Case .
Similar to previous case, we can prove by contradiction that . Thus . Thus .
Thus by all possible cases, it follows that . Thus is onetoone. Thus .
(c)
Suppose such that .

.
Suppose . Clearly we can choose some such that . Since , it follows that , or . Since is arbitrary, . Thus .

is onetoone.
Suppose and are in such that . We can prove as follows:
Suppose such that . Since , it follows that . Thus for some , we have . Thus . Since is onetoone, it follows . Thus .
Since is arbitrary, it follows that .
Similarly we can also prove .
Thus .
Thus is onetoone. It follows that .
Soln5
Suppose and . Thus we can choose onetoone function and another onetoone function .
(a)
Since , we can choose some element . Lets define a function such that:
 if , then . Clearly is defined for all .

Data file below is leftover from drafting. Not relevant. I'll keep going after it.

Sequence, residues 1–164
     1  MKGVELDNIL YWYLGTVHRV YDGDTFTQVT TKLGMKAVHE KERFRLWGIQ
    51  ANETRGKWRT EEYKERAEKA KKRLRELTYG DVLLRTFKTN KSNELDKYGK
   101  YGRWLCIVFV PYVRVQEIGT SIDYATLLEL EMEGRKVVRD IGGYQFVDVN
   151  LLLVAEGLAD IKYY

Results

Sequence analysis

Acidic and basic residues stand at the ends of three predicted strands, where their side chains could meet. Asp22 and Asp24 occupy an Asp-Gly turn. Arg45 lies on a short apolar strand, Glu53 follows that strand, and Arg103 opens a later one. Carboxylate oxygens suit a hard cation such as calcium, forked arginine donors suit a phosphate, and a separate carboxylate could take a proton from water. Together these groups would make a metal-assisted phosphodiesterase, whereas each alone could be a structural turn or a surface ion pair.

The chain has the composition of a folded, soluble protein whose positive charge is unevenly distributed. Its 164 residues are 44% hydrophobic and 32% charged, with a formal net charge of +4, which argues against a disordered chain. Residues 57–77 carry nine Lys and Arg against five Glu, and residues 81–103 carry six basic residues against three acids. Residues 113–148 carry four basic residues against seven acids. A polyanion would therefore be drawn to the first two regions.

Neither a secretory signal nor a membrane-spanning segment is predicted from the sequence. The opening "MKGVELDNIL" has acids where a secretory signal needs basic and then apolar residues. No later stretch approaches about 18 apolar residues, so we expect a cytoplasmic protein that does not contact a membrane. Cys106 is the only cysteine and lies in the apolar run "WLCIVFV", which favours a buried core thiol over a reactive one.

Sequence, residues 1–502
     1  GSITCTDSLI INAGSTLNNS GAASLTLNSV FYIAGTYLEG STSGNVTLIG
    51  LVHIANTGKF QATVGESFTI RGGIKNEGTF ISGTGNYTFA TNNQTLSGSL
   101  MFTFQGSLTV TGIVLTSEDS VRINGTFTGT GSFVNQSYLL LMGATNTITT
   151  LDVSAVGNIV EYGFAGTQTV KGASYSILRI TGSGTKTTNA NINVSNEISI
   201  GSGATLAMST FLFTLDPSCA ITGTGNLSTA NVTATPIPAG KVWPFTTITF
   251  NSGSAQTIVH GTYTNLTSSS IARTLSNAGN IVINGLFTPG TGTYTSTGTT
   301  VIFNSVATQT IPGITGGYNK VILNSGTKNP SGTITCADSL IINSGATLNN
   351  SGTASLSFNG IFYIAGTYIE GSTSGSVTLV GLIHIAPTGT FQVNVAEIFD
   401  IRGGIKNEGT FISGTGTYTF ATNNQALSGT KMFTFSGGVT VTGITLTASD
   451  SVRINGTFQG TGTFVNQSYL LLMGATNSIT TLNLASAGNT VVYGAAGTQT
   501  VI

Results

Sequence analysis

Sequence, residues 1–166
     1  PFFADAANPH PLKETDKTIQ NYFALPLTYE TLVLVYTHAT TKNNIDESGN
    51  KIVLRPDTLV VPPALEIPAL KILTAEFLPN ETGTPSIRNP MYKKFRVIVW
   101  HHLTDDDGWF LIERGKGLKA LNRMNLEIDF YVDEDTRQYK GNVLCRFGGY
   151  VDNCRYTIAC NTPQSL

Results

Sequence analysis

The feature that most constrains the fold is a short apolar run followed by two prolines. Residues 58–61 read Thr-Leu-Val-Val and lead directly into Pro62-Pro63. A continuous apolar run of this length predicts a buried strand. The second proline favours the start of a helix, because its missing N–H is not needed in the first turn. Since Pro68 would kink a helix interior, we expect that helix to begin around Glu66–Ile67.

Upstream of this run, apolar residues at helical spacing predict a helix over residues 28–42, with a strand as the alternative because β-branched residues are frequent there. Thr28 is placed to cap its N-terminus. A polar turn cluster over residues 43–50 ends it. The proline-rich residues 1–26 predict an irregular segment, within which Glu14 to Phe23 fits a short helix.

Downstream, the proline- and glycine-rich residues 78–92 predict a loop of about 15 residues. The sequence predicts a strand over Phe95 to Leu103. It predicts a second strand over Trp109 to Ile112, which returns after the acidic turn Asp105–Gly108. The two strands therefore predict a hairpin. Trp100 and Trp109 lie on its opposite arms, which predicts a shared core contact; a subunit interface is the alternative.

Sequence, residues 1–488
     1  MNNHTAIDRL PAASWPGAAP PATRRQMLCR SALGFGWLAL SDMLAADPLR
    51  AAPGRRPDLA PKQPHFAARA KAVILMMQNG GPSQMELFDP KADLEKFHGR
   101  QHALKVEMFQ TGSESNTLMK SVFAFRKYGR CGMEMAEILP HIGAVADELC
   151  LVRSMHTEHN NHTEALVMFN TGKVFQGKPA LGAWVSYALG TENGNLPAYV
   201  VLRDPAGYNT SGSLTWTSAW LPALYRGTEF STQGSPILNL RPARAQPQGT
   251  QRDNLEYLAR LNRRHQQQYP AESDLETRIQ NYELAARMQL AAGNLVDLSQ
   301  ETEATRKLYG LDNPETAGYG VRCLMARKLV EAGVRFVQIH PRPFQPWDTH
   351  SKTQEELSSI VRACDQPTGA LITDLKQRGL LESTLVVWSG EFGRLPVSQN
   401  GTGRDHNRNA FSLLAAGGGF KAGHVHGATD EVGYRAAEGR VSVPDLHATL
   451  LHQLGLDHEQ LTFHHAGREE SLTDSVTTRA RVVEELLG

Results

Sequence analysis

if , then .
Clearly is onto.
Now consider the function such that . Clearly , thus . Thus is a function from to .
Now we will prove that is onetoone. Suppose such that . Thus .
Suppose is an arbitrary element. Since is onto, it follows that we can choose such that .
Since and , it follows that .
Thus . Since is one=toone, it follows . Since ,
we get . Since is arbitrary, it follows that . Thus .
Thus is onto. Thus we can conclude that .
(b)
Yes.
Suppose . Since , it follows that such that is onetoone. Thus .
Suppose , and and .
Thus . And .
Thus the only function possible from to is . But clearly is not onetoone, because it is a part of every set. Thus there is no onetoone function from to .
Soln6
(a)
Suppose . Since is finite, by countable set theorems of last section, we can choose onetoone function . Since , we can choose a onetoone function . Thus is a onetoone function. Thus is countable. Thus either finite or denumerable.
Now we will prove by contradiction that is finite. Suppose is infinite. Since is countable, it follows that must be denumerable. Thus we can represent elements of as . Let where . Thus . Since is onetoone, it follows that , if . Thus . Since , it follows . Thus . But . Thus we have a contradiction. It follows that is finite.